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Cheat sheet first-order predicate logic

First-order predicate logic is, for example, used for theorem proving, software design and specification, rapid prototyping, user interface design, hardware verification and security testing.

First order logic can be applied to the specification of security policies, but one of the main problems encountered when using first order logic for policy specification arises when negation is used together with recursive rules. Although it is possible to avoid the use of negation or recursion, this is not practical since it diminishes significantly the expressive power of the logical language.

Symbols

Constants Things, 2, C, …
Predicates Brother, sister, >, =, …
Functions Sqrt, leftarmof, …
Variables x, y, a, b, …
Connectives $ \wedge $, $ \vee $, $ \neg $, $ \Rightarrow $, $ \Leftarrow $
Quantifiers $ \forall$, $\exists$

Atomic sentences

predicate = (term1, … termn) $\vee$ term1 = term2

Terms

function (term1, … termn) $\vee$ variable $\vee$ constant

Complex sentences

Using connectives (works like in propositional logic):

$\neg$ S
S1 $\wedge$ S2
S1 $\vee$ S2
S1 $\Rightarrow$ S2
S1 $\Leftrightarrow$ S2

Example:

Sibling (Mutsuraboshi, Krittika) $\Rightarrow$ Sibling (Krittika, Mutsuraboshi)

Where:

  • Sibling is a predicate
  • Krittika and Mutsuraboshi are terms
  • Both statements on left and right side of $\Rightarrow$ are atomic sentences
  • The whole thing is a complex sentence

Truth

Sentences are true or false “with respect to models”, which consist of a domain (also called universe) and an interpretation.

  • A domain is a non-empty (finite or infinite) set of arbitrary elements.
  • The interpretation assigns to each
    • constant symbol: a domain element
    • predicate symbol: a relation on the domain (of appropriate arity)
    • function symbol: a function on the domain (of appropriate arity)

An atomic sentence is true in a certain model (consisting of a domain and interpretation) iff (if and only if) the domain elements that are the interpretations of term1, … termn are in the relation that is the interpretation of predicate.

The truth-value of a complex sentence in a model is computed from the truth-values of its atomic sub-sentences in the same way as in propositional logic.

Universal quantification

Syntax: ∀ variables sentence

Example: Everyone living in the Universe is paranoia.

∀ x (LivingIn (x, Universe) ⇒ (paranoia, x)

Semantics: ∀xP is true in a model iff for all domain elements d in the model: P is true in the model when x is interpreted by d.

Intuition: ∀xP is roughly equivalent to the conjunction of all instances of P.

Example:

∀ x (LivingIn (x, Universe) ⇒ (paranoia, x)

is equivalent to:

Krittika (LivingIn (Krittika, Universe) ⇒ (paranoia, Krittika) ∧ Mutsuraboshi (LivingIn (Mutsuraboshi, Universe) ⇒ (paranoia, Mutsuraboshi) ∧ …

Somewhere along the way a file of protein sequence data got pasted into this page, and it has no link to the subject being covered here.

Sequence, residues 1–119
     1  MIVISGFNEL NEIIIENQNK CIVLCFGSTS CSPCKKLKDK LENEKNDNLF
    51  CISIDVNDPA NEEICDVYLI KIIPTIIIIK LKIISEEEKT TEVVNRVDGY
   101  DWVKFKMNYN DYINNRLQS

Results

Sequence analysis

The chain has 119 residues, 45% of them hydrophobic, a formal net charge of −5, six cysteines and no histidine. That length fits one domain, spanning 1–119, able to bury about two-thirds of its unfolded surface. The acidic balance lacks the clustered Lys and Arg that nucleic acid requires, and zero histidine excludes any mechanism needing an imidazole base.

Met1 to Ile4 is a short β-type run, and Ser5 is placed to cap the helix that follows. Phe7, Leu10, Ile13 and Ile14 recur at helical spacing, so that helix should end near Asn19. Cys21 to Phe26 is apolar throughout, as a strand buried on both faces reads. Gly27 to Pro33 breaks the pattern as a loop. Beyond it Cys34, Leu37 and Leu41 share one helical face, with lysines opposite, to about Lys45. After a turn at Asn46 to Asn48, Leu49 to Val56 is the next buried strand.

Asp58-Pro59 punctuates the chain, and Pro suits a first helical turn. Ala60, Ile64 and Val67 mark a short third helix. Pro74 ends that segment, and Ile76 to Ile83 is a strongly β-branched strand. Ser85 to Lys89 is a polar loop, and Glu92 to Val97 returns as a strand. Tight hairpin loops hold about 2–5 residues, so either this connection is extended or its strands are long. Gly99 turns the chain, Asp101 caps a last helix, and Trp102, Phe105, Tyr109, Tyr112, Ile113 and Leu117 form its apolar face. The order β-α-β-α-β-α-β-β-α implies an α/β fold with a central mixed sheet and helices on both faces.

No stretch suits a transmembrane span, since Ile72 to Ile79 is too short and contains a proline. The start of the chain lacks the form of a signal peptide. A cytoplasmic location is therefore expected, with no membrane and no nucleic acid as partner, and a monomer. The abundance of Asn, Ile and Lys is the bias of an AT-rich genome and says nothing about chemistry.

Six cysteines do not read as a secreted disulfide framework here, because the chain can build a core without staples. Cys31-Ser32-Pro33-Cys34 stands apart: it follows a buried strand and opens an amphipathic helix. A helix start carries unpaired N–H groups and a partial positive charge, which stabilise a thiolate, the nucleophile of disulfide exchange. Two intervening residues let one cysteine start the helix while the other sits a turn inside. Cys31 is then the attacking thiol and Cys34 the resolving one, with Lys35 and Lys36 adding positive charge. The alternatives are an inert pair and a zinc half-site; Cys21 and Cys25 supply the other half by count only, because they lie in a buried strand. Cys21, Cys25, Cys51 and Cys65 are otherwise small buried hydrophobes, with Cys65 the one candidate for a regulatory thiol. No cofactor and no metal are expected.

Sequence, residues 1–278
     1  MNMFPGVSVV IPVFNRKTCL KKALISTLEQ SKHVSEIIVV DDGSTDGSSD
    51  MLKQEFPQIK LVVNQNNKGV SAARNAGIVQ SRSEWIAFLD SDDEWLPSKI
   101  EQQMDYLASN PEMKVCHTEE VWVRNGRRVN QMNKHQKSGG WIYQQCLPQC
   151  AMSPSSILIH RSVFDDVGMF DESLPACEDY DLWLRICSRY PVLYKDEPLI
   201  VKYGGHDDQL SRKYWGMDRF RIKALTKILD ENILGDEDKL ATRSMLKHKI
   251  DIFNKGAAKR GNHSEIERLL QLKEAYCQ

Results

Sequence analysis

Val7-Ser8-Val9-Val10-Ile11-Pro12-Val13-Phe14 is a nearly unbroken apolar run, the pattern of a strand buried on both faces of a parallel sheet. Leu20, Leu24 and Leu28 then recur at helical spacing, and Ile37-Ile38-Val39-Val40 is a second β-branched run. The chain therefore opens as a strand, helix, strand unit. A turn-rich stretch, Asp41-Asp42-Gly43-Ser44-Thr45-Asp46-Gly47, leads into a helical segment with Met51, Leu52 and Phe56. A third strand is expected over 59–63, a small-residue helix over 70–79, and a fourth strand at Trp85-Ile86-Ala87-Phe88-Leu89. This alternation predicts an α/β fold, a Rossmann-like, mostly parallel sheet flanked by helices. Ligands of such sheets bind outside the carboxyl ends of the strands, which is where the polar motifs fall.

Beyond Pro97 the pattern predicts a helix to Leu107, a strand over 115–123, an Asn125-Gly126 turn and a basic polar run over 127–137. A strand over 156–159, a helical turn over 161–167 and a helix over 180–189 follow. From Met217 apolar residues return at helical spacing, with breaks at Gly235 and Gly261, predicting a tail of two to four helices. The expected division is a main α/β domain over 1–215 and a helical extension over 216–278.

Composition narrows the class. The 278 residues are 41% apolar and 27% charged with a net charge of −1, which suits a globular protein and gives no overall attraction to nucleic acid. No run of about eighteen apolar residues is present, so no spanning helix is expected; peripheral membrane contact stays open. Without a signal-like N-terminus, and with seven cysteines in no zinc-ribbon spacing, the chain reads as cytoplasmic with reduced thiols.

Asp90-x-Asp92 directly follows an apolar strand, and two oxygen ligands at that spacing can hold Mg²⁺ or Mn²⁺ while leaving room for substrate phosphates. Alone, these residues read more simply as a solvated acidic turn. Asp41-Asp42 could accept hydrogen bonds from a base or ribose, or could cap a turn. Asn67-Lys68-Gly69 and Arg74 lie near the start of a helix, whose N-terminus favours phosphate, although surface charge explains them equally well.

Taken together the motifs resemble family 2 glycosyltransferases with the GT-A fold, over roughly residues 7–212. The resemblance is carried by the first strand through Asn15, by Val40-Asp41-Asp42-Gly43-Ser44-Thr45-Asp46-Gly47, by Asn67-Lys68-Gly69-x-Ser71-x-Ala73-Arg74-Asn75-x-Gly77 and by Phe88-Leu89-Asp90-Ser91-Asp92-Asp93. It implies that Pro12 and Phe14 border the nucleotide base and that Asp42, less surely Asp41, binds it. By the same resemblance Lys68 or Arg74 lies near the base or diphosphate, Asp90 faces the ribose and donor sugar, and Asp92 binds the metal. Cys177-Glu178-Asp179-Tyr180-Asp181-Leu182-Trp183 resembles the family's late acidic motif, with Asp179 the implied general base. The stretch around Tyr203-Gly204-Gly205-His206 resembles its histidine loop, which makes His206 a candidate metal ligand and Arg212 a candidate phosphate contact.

Note: ⇒ is the main connective with ∀, not ∧

Existential quantification

Syntax: ∃ variables sentence

Example: Someone living in the Universe is paranoia.

∃ x (LivingIn (x, Universe) ∧ (paranoia, x)

Semantics: ∃xP is true in a model iff there is a domain element d in the model such that: P is true in the model when x is interpreted by d.

Intuition: ∃xP is roughly equivalent to the disjunction of all instances of P.

Example:

∃ x (LivingIn (x, Universe) ∧ (paranoia, x)

is equivalent to:

Krittika (LivingIn (Krittika, Universe) ∧ (paranoia, Krittika) ∨ Mutsuraboshi (LivingIn (Mutsuraboshi, Universe) ∧ (paranoia, Mutsuraboshi) ∨ …

Note: ∧ is the main connective with ∃, not ⇒

Properties of quantifiers

  • Quantifiers of same type commute (∀x∀y is the same as ∀y∀x and ∃x∃y is the same as ∃y∃x)
  • Quantifiers of different type do not commute (∃x∀y is not the same as ∀y∃x)
  • Quantifier duality (∀x Likes(x,Logic) is the same as ¬∃x ¬Likes(x,Logic))

Equality

term1 = term2

iff term1 and term2 have the same interpretation.

Properties of first order logic

Validity, satisfiability, unsatisfiablity and entailment are defined in the same way as for propositional logic: x ⊢ y means y is provable from x (in some specified formal system) and x ⊨ y means x semantically entails y.

First order logic calculi:

  • Whenever KB ⊨ α, it is also true that KB ⊢ α
  • Whenever KB ⊢ α, it is also true that KB ⊨ α

BUT … in propositional logic validity, satisfiability and unsatisfiablity are decidable. In first-order logic the set of valid, and the set of unsatisfiable formulas are enumerable, and the set of satisfiable formulas is not even enumerable. Gödel's completeness theorem asserts that there are logical calculi in which every true formula is provable, and Church's theorem asserts that there is no decision procedure (which always terminates) for deciding whether a formula is true (valid).


en/mathematics/logic/predicate-logic.txt · Last modified: 2018/08/18 15:49 by Digital Dot